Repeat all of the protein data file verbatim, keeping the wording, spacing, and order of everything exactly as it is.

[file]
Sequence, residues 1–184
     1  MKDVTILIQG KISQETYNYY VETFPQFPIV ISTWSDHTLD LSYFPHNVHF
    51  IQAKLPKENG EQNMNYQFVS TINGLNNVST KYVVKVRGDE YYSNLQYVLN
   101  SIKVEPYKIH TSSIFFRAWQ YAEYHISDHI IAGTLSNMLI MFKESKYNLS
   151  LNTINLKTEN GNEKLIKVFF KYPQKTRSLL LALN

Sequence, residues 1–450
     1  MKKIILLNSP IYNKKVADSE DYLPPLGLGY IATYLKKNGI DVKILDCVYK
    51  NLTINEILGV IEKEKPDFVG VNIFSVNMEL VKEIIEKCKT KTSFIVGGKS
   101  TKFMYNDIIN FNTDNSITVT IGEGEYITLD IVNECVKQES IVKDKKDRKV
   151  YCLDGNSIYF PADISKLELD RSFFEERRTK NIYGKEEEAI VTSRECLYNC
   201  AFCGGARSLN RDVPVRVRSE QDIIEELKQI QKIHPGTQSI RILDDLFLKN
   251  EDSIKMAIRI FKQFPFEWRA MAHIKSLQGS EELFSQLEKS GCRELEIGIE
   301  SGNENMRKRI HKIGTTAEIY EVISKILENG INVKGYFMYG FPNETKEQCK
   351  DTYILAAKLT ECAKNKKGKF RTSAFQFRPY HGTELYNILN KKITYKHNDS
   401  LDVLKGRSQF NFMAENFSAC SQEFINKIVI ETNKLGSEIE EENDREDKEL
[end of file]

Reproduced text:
Sequence, residues 1–184
     1  MKDVTILIQG KISQETYNYY VETFPQFPIV ISTWSDHTLD LSYFPHNVHF
    51  IQAKLPKENG EQNMNYQFVS TINGLNNVST KYVVKVRGDE YYSNLQYVLN
   101  SIKVEPYKIH TSSIFFRAWQ YAEYHISDHI IAGTLSNMLI MFKESKYNLS
   151  LNTINLKTEN GNEKLIKVFF KYPQKTRSLL LALN

Sequence, residues 1–450
     1  MKKIILLNSP IYNKKVADSE DYLPPLGLGY IATYLKKNGI DVKILDCVYK
    51  NLTINEILGV IEKEKPDFVG VNIFSVNMEL VKEIIEKCKT KTSFIVGGKS
   101  TKFMYNDIIN FNTDNSITVT IGEGEYITLD IVNECVKQES IVKDKKDRKV
   151  YCLDGNSIYF PADISKLELD RSFFEERRTK NIYGKEEEAI VTSRECLYNC
   201  AFCGGARSLN RDVPVRVRSE QDIIEELKQI QKIHPGTQSI RILDDLFLKN
   251  EDSIKMAIRI FKQFPFEWRA MAHIKSLQGS EELFSQLEKS GCRELEIGIE
   301  SGNENMRKRI HKIGTTAEIY EVISKILENG INVKGYFMYG FPNETKEQCK
   351  DTYILAAKLT ECAKNKKGKF RTSAFQFRPY HGTELYNILN KKITYKHNDS
   401  LDVLKGRSQF NFMAENFSAC SQEFINKIVI ETNKLGSEIE EENDREDKEL